Targets (1967)

USA, 1967
35mm film, Pathecolor, 1.85:1
mono, English

An American borderline horror film directed by Peter Bogdanovich.

Plot Summary

Ageing horror film star Byron Orlok is feeling out of date and unwanted, an anachronism in an age where his films can no longer compete with real-life violence. While a hopeful young director tries to lure him out of semi-retirement to make one last film, Bobby Thompson is arming himself with a high-power rifle, taking position at the top of a water tower and is preparing to start shooting…


* = uncredited

Directed by: Peter Bogdanovich
© MCMLXVII [1967] by Saticoy Productions
A Paramount picture. A Saticoy production
Executive Producer: Roger Corman *
Produced by: Peter Bogdanovich
Associate Producer: Daniel Selznick
Screenplay by: Peter Bogdanovich
Story by: Polly Platt and Peter Bogdanovich; Samuel Fuller *
Director of Photography: Laszlo Kovacs
Editor: Peter Bogdanovich *
Radio Music Produced by: Charles Greene and Brian Stone
Sound: Sam Kopetzky
Costume Designer: Polly Platt *
Makeup: Scott Hamilton
Special Effects: Gary Kent *
Production Designer: Polly Platt
Locations: Hollywood, Los Angeles, California, USA; Los Angeles, California, USA; Sepulveda Drive-In Theater, Van Nuys, Los Angeles, California, USA [all uncredited]

Boris Karloff (Byron Orlok)
Tim O’Kelly (Bobby Thompson)
Nancy Hsueh (Jenny)
James Brown (Robert Thompson Sr)
Arthur Peterson (Ed Loughlin)
Mary Jackson (Charlotte Thompson)
Tanya Morgan (Ilene Thompson)
Sandy Baron as Kip Larkin
Monty Landis (Marshall Smith)
Paul Condylis (drive-in manager)
Mark Dennis (salesman (2nd gunshop))
Stafford Morgan (salesman (1st gunshop))
Peter Bogdanovich (Sammy Michaels)
Daniel Ades (chauffeur)
Tim Burns (waiter)
Warren White (grocery boy)
Geraldine Baron (Larkin’s girl)
Gary Kent (gas tank worker)
Ellie Wood Walker (woman on freeway)
Frank Marshall (ticket boy)

Alternative Titles

Before I Die
Bersagli – Italian title
Bewegliche Ziele – German title
El héroe anda suelto – Spanish title
Levande mål – Swedish title

Includes extracts from
The Terror (1963)

See also
Nosferatu: Eine Symphonie des Grauens (1922)
Scream Queen Hot Tub Party (1991)


Variety 15 May 1968 p.26 (USA)
“Peter Bogdanovich, former writer about films turned screenwriter – producer – director, has made a film of much suspense and implicit violence. […] Although some blood and gore are shown, it is minute in comparison with most film product today. Aware of the virtue of implied violence, rather than explicit brutality, director Bogdanovich conveys moments of shock, terror, suspense and fear. Feats are all the more remarkable in the face of typical low-budget shortcomings: underexposition here, overexposition there, sometimes distended visual bridges, and all other compromises with story development necessitated by fiscal limitations.” – from a review by Murf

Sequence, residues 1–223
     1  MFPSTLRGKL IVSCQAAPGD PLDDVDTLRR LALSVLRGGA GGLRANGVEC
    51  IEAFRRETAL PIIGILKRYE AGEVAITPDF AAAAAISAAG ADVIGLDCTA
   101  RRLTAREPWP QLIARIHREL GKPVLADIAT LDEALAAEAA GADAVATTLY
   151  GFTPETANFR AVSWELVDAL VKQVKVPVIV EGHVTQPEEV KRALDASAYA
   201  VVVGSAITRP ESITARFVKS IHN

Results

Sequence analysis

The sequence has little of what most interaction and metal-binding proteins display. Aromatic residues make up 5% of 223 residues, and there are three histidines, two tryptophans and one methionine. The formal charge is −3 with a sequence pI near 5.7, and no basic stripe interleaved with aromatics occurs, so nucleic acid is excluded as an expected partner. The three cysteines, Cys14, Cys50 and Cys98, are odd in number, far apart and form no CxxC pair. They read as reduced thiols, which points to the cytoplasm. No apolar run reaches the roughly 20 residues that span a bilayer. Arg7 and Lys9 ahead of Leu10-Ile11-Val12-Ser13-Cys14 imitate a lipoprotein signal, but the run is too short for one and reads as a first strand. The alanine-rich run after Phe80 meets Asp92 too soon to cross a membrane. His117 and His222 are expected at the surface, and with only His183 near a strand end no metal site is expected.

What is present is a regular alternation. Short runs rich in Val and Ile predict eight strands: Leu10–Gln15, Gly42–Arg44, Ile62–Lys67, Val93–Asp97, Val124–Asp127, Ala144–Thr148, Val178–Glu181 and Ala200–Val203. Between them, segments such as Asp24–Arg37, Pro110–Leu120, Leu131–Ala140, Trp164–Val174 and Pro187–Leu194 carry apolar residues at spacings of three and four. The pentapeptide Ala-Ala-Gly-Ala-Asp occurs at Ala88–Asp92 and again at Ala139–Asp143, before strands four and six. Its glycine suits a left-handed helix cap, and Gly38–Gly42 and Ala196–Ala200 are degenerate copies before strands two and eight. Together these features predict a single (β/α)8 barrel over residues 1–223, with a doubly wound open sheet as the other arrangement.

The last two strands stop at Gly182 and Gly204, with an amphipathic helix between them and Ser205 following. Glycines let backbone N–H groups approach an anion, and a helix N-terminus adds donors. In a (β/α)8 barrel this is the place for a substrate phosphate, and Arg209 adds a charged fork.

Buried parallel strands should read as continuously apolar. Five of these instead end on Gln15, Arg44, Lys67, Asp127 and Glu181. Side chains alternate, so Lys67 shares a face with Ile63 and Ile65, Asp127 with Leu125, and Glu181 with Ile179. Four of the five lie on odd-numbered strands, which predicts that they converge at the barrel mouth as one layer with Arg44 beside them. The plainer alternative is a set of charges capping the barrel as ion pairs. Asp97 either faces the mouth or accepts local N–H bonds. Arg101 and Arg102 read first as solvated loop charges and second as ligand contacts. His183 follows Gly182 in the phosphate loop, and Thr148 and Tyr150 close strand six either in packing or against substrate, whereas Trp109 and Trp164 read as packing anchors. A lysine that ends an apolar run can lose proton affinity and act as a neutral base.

Monthly Film Bulletin vol.36 no.421 (February 1969) p.29 (UK)
“Considering its very dubious premise, aggravated by a silly prefatory title for which Peter Bogdanovich was evidently not responsible and which hints at sociological implications to come (“Why gun control?” it asks, citing such examples as the Texan sniper of June, 1966, and concluding “This motion picture tells a story that sheds some light on a dark and deep topic”), Targets is a remarkably sympathetic first film. […] Targets is mostly enjoyable and certainly likeable; especially since, for all its Hitchcock nods and quotes, Bogdanovich’s direction subscribes to his own remark in the film, as he watches The Criminal Code on TV, that Hawks really could tell a story. Targets tells its story beautifully, above all in the way in which the killer’s distress signals can be seen but not heard before his breakdown, and in the calm, dispassionate way in which the modern horror is shown as stalking, not dark nights and cobwebby castles, but neat suburban homes and open spaces, barely ruffling their complacent surface as it passes. […] Targets certainly hits a raw, genuinely modern nerve, whatever its overall message.” – from a review by Tom Milne


Chaplin no.4 (October 1959) p.81 126-127 – review
Cinema vol.4 no.1 (Spring 1968) p.30 – review
Empire no.179 (May 2004) p.150 – illustrated DVD review (Rwd by AS)
Fangoria no.227 (October 2003) p.73 – illustrated DVD review (DVD Dungeon by Matthew Kiernan)
Film Score Monthly vol.8 no.7 (August 2003) p.44 – DVD review (The laserphile: scary tricks and treats by Andy Dursin)
Films and Filming vol.16 no.2 (November 1969) p.50 – review
The Hollywood Reporter vol.200 no.42 (6 May 1968) p.3 – credits, review
Kine Weekly no.3196 (11 Jan 1969) p.8 – review
Monthly Film Bulletin vol.36 no.421 (February 1969) pp.28-29 – credits, synopsis, review (by Tom Milne)
Motion Picture Herald vol.238 no.33 (14 August 1968) p.841 – review
Movie no.15 (1968) p.32 – note
Sight & Sound vol.37 no.4 (Autumn 1968) pp.188-189 – article
Today’s Cinema no.9621 (10 Jan 1969) p.8 – review
Variety 15 May 1968 p.26 – credits, review (by Murf)

The 100 Best Movies You’ve Never Seen by Richard Crouse p.209-211 – review
The Aurum Film Encyclopedia: Horror by Phil Hardy (ed.) p.200 – illustrated credits, review
Boris Karloff: A Critical Account of His Screen, Stage, Radio, Television, and Recording Work by Scott Allen Nollen pp.318-332; 398 – illustrated review; credits
Cult Movies: A Hundred Ways to Find the Reel Thing (London: Vermilion (1982)) – article (by Danny Peary)
Cult Movies: the Classics, the Sleepers, the Weird and the Wonderful (New York: Dell Publishing Company (1981) – article (by Danny Peary)
Feature Films, 1960-1969: A Filmography of English-language and Major Foreign-language United States Releases by Harris M. Lentz III p.453 – credits
Kine & TV Year Book 1970 p.115 – credits
Reference Guide to Fantastic Films by Walt Lee p.475 – credits
Sixties Shockers by Mark Clark and Bryan Senn pp.378-380 – illustrated credits, review